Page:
After that, we headed down the main trail to Wellman Divide. The trail was fine, except for some route-finding over snow in the area northeast of Jean Peak. Wellman Divide was excellent: Little wind and warm sun. We stayed there for at least twenty minutes, relaxing and gazing at the view. We were alone the entire time, which is another great reason for coming up during the week. On a typical summer weekend Wellman Divide is mobbed with people.

The trail back to Round Valley was also obscured by snow, but the snow was easy to avoid if you stayed on the sunny, left-hand (as you head downward) side of the stream. It was nice to see this stream actually flowing; in the summer it’s as dry as a bone.

We reached Round Valley and immediately headed back to camp. We still had to pack everything up! A check of the time and some rough calculations led us to believe that a nice long nap would save us from Friday’s rush-hour traffic, and that’s exactly what we did. My son even set up a hammock in the sun over the small stream just below camp. It was great, but like all afternoon naps it had to end sometime.

Video of my son climbing down a large tree that hadn’t quite reached the ground when it fell.  He had climbed up there to throw a frisbee at my brother.

Video slide show of the myriad faces carved in this pine tree’s bark.  Normally I would be against this sort of thing in the wilderness.  But, since it was done by a mad artist, and done skillfully, I’ll have to let it slide. In fact, you’d have a hard time even finding this tree, that’s how minor the carving truly was. And the faces were extremely well done.  It was next to the trail at the Diorite campsite, and I never noticed until my brother discovered it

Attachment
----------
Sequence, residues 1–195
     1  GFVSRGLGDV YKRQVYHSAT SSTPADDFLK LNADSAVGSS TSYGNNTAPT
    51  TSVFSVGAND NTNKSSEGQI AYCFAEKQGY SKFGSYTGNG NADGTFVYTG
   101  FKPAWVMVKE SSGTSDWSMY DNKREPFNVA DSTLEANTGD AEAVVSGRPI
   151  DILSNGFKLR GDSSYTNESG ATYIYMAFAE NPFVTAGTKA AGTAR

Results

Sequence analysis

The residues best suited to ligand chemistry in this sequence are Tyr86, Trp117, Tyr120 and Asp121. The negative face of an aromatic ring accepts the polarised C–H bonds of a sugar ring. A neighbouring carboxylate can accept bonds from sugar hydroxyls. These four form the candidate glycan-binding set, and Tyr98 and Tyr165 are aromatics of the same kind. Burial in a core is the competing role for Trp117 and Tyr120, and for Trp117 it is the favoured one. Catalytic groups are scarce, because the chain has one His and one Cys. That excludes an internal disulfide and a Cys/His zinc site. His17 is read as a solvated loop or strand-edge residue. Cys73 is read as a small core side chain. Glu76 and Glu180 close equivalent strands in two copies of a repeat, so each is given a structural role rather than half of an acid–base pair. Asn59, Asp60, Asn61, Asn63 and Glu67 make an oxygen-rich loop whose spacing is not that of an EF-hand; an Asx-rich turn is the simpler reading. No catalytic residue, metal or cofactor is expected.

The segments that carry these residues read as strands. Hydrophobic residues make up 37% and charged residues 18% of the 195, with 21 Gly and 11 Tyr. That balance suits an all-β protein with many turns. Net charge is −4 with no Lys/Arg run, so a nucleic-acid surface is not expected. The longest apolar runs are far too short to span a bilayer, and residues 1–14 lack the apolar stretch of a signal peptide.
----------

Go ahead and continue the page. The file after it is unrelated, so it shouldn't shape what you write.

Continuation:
Eventually, we packed up and headed out via the main trail from Round Valley. I was hoping to discover where the spring’s new tubing went, but we never saw it. There was an “area closed” sign in the lower valley so I honored it, and never found the outlet of the hose. Still, my curiosity is unsatisfied and I find myself wishing that there were pictures or other info available online, but I haven’t found any. On the way down we met many backpackers arriving for the long Memorial Day weekend, and they were only a trickle in comparison to the hordes arriving on Saturday. We wished them luck and hiked on.

We made it to the tram and rode it down to the car. Our backpacking trip was over, unless you count a hot, hours-long car ride as backpacking. We’d hiked over 13 miles and bagged three peaks. We’d walked on a lot of snow and been buffeted by strong winds. The mountain was wetter than I’d ever seen it. All in all, it was a great trip, and an excellent way to get started on a new series of backpacking adventures in 2011.


To see even more photos from this trip, check out my Flickr Page.

To view our GPS tracks on an interactive topographic map, see my Caltopo Page.